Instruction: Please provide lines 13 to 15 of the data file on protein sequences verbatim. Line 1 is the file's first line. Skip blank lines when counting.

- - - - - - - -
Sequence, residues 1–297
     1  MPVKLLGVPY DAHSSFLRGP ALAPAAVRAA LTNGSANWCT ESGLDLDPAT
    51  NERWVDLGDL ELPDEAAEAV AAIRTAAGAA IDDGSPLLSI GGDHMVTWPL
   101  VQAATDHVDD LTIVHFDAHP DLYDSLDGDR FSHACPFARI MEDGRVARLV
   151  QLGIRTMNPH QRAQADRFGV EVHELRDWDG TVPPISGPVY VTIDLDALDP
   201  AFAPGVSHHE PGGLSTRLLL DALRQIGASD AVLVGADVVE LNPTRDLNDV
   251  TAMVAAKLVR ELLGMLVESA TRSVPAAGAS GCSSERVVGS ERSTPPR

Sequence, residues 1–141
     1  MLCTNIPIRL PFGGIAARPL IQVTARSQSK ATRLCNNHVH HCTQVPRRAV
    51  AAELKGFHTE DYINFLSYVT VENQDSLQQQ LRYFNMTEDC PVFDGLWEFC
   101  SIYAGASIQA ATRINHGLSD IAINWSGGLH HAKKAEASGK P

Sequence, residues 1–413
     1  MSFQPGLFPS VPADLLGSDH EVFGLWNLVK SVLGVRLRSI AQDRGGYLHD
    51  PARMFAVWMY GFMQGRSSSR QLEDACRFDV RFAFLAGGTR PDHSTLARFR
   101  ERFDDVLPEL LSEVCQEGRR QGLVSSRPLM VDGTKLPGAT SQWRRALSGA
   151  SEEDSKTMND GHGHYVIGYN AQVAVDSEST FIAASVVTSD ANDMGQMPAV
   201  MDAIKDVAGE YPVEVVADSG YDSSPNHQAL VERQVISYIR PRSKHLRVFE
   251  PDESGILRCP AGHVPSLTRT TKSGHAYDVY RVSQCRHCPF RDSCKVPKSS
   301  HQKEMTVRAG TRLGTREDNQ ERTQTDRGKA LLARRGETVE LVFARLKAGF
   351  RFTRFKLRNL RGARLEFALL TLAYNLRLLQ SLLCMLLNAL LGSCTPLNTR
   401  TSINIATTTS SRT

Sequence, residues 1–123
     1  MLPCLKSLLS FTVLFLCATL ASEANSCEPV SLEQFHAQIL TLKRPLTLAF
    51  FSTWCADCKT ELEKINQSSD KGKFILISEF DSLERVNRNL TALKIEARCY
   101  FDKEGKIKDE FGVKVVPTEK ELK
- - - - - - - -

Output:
     1  MSFQPGLFPS VPADLLGSDH EVFGLWNLVK SVLGVRLRSI AQDRGGYLHD
    51  PARMFAVWMY GFMQGRSSSR QLEDACRFDV RFAFLAGGTR PDHSTLARFR
   101  ERFDDVLPEL LSEVCQEGRR QGLVSSRPLM VDGTKLPGAT SQWRRALSGA